(An abridged version, the Dainichikyo^ gishaku 大日经义释 (Z.36.507ff), was circulated by Yixing's associates after his death.) Ku^kai 空海 frequently quotes Yixing's full commentary in his writings; he was the first to bring it to Japan, where sub-commentaries were written by Saisen 济暹 (T 2215), Raiyu 赖瑜 (T 2217), Yu^han 宥范 (T 2213), Sho^ken 圣宪 (T 2539), Yu^kai 宥快 (T 2218) and Donjaku 昙寂 (T 2219); of these, the latter two are perhaps the most helpful. For an exhaustively annotated Eng. tr. of the commentary covering the first chapter of the Vairocana-abhisam!bodhi-tantra, see Müller (1976).


      The Maha^vairocana^bhisam!bodhi-vikurvita^dhis!t!ha^na-vaipulyasu^tra-indrara^jana^madharmaparya^ya, in Tibetan rNam par snang mdzad chen po mngon par rdzogs par byang chub pa rnam par sprul ba byin gyis rlob pa shin tu rgyas pa mdo sd'i dbang po rgyal po zhes bya ba'i chos gyi rnam grangs, and in English, Manifest Enlightenment of the Grand Resplendent One, His Transformations and Empowering Presence: Lord Indra of the Broader Su^tras; commonly abbreviated as 大日经. T.848.18.1-55, 7 fasc., translated by Subha^karasim!ha 善无畏 with the assistance of Yixing 一行 in 724; commonly abbreviated as Vairocana^bhisam!bodhi 大日经. The primary theme of this work, which is of utmost importance in East Asian esotericism, is the realization of the mind seeking enlightenment 菩提心. This theme is addressed in the opening dialogue between Maha^vairocana 大日如来 and an assembly led by Vajrapa^n!i 执金刚秘密主, who inquires about omniscient knowledge (sarvajn——a^jn——a^na 一切智智). The Bhagavan responds that "it is caused by the mind which seeks enlightenment, is founded on sympathy for others, and culminates in skilful methods" (karun!a^mu^lam! bodhicittahetukam upa^yaparyavasa^nam 悲为根本。菩提心为因。方便为究竟). Enlightenment is defined as "knowing one's mind for what it really is" 谓如实知自心, and subsequent chapters are devoted to describing the skilful methods 方便 for its accomplishment. Foremost among these methods is entrance into the man!d!ala born from great compassion (maha^karun!a^garbhodbhava-man!d!ala 大悲胎藏生曼荼罗), described at length in chapter two, The Relevant Equipment 具缘品.' Later chapters deal with the entire gamut of esoteric techniques: the practice of mantras 真言, the fire ceremony (homa 护摩), the wheel of syllables (aks!a^racakra 字轮), meditation on the stu^pa of five cakras 五轮塔, and so on. However, unlike many previous esoteric works, in this text such techniques are almost exclusively oriented towards the accomplishment (siddhi 成就) of enlightenment rather than worldly goals. Many early sources for these esoteric practices have been established: for example, the three-family (kula 部) system can be found in the Dha^ran!i^samuccaya 陀罗尼集经, and its man!d!ala is indebted to the Vajrapa^n!yabhis!eka-tantra 金刚手灌顶续 (To.496). It is likely that the original text was composed in the mid-seventh century CE, when esotericism gained the status of legitimate "hot topic" among Buddhist monastics in India. while a Sanskrit version has never been found, fragments have been located in diverse sources: the Kriya^sam!graha (To.2531), the Indonesian Sang Hyang Kamaha^ya^nan Mantranaya, the Bha^vana^krama, and the Pradi^poddyotana.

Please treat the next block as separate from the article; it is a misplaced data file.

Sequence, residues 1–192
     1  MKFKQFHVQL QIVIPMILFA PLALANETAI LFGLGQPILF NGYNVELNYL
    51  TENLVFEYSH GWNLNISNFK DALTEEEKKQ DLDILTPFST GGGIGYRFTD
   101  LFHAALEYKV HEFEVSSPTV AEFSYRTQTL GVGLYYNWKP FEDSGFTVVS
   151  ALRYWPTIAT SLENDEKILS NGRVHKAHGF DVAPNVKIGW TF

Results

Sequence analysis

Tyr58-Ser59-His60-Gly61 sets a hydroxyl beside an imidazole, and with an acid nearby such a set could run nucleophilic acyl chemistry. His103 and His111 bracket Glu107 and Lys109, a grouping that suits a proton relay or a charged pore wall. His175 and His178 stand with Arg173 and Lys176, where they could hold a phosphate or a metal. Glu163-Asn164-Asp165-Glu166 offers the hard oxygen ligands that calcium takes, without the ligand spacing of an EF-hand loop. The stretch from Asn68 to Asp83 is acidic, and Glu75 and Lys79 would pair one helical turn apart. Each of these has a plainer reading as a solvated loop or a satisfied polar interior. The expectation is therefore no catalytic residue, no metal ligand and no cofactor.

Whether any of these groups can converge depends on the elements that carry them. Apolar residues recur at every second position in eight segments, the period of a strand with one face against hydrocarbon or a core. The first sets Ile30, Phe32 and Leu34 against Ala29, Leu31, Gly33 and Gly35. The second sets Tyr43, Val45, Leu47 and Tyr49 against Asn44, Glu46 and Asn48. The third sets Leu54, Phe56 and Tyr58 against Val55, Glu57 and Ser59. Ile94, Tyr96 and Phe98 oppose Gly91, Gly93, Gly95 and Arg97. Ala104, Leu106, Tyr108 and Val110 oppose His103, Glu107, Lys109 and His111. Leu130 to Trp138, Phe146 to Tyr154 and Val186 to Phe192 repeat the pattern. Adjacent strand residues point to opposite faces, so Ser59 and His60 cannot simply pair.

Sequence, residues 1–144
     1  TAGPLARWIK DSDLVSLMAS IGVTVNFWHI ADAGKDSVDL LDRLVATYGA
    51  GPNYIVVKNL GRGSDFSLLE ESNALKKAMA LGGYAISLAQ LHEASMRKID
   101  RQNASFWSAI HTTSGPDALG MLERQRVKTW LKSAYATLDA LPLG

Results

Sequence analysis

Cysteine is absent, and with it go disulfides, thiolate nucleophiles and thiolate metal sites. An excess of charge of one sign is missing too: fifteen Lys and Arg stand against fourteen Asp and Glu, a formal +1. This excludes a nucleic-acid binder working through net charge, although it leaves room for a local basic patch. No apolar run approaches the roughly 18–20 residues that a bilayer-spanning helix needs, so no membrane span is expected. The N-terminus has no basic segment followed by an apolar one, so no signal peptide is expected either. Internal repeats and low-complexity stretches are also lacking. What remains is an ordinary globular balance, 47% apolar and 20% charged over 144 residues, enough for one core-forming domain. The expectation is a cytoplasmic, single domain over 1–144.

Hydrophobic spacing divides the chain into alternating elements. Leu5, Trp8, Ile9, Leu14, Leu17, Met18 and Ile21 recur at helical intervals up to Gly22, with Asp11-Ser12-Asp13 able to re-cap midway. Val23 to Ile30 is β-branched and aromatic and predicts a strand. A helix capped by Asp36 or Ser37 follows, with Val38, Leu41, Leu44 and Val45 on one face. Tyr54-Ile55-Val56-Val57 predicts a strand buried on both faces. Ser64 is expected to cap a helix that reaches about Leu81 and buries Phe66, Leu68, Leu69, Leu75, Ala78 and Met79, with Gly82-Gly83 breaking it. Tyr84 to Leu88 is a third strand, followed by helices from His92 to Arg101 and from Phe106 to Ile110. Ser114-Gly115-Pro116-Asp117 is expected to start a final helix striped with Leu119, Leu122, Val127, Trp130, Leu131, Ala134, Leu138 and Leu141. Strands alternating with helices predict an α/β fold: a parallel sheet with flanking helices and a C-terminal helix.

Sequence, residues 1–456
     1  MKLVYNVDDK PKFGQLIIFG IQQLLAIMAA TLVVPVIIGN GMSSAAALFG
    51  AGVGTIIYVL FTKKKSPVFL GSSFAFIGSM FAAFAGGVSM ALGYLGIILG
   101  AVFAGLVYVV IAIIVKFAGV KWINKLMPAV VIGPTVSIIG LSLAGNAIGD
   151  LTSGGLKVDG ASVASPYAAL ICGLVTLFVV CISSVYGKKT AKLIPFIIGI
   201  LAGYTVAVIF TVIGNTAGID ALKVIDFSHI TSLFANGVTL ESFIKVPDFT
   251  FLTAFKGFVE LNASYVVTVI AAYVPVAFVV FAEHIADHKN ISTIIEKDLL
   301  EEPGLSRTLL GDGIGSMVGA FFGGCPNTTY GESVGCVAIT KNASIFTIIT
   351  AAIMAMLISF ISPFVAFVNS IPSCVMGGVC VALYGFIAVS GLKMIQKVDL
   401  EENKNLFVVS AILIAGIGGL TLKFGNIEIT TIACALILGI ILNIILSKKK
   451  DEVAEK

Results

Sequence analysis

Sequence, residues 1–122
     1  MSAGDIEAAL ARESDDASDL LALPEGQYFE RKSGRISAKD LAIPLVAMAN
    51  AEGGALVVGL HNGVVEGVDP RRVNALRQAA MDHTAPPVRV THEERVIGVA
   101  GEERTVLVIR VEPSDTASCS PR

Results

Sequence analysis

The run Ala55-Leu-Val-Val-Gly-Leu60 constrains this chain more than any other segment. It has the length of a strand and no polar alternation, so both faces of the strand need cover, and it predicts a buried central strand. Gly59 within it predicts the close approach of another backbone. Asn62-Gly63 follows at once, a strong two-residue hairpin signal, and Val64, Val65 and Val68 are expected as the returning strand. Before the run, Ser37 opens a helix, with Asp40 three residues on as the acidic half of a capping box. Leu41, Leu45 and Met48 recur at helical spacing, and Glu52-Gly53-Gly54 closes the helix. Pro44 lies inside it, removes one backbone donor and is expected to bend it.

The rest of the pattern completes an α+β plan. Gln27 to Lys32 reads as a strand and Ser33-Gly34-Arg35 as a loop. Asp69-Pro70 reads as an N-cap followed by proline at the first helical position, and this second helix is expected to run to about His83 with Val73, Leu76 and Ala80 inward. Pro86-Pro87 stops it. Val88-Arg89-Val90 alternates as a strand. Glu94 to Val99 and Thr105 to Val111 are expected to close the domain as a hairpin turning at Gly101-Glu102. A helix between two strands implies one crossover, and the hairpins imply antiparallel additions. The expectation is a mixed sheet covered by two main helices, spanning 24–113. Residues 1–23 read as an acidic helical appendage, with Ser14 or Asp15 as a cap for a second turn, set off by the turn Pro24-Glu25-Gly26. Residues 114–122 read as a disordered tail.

The Chinese text is based on a manuscript recovered from the belongings of the pilgrim Wuxing 无行 (d.674), which, as with many tantras, is said to have been a condensed version (laghutantra 略本) abridged from a lengthy original (mu^latantra 广本) of 100,000 verses 迦陀.